To come to the correct answer to that question, we have to start from the beginning. And I don’t just mean the beginning of this offseason.
Assembling a team in the NFL requires the correct chemistry between both a general manager and a head coach. When Licht was hired by the Buccaneers in 2014, it was his first general manager job. The interesting wrinkle in that first job was that he was hired after the Buccaneers had hired their coach Lovie Smith. This usually happens the other way around. There’s some speculation here on my part, but Licht, being a first-time GM in his early 40’s, trying to come up with team-building chemistry with a long-time NFL head coach who took a team to the Super Bowl likely had its balance of power skewed, and I don’t mean that in an alpha way, but one that may have held its poison, just more subtly.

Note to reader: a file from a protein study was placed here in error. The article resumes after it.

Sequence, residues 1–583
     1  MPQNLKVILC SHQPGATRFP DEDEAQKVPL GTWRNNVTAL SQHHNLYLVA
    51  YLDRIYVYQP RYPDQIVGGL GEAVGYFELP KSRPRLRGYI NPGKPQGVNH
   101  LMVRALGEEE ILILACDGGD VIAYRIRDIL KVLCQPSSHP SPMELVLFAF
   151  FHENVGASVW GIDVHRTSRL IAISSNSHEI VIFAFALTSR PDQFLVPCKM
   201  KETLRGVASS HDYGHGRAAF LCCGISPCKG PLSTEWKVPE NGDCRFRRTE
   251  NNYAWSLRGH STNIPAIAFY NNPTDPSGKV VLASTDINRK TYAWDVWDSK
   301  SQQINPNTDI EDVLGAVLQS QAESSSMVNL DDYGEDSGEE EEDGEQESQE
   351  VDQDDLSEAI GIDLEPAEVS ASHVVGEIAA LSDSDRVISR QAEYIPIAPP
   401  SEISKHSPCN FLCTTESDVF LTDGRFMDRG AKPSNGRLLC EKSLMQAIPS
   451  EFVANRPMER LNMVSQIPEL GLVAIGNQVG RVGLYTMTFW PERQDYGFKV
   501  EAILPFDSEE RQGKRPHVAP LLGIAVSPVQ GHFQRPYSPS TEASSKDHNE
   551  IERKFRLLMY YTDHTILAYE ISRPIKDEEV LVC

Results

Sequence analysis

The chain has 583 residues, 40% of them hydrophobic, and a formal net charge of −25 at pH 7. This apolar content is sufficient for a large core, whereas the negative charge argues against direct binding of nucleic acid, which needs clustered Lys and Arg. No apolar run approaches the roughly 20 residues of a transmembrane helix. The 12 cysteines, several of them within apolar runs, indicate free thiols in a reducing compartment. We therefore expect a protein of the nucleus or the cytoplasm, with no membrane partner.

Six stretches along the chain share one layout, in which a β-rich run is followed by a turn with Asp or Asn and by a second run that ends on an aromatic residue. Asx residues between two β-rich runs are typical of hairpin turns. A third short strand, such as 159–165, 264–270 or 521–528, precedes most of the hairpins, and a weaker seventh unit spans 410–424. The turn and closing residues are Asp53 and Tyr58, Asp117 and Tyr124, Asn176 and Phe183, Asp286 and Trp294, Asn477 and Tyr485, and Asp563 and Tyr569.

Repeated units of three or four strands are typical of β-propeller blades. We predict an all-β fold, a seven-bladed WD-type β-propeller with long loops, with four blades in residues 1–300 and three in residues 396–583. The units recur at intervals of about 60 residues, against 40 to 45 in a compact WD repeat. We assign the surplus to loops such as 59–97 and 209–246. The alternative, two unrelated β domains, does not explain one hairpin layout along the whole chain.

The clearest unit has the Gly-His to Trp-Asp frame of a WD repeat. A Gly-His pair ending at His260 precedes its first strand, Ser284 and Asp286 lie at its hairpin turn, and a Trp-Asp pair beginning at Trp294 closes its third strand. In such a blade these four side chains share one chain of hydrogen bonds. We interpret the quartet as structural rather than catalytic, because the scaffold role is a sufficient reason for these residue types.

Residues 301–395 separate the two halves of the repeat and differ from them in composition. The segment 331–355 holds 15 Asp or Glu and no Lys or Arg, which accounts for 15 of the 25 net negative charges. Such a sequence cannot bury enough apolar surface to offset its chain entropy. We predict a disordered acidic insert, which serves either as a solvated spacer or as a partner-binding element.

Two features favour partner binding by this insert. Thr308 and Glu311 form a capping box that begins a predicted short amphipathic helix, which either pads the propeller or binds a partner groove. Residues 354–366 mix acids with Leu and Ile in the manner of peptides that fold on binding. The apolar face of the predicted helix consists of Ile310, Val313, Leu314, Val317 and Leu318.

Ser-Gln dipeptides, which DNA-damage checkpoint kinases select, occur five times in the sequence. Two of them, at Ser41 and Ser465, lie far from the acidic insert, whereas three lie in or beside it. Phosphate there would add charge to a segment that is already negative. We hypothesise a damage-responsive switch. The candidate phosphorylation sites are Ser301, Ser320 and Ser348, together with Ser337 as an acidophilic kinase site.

We all know that Smith’s tenure as the Buccaneers head coach was less than ideal and didn’t go as planned. Smith’s defenses did not play up to par and his offenses weren’t much better. Some of that can be attributed to the players that were brought in, but even that has to come from a chemistry between a coach and a general manager.
Jason Licht and Lovie Smith – Photo by Buccaneers
Over the years we’ve learned from difference sources around situations that there were cases in the draft and in free agency of players that either Licht wanted to bring in that Smith didn’t agree with or vice versa. That, naturally, would cause holes on a roster – enough holes for one of them to take a hike, as Smith did.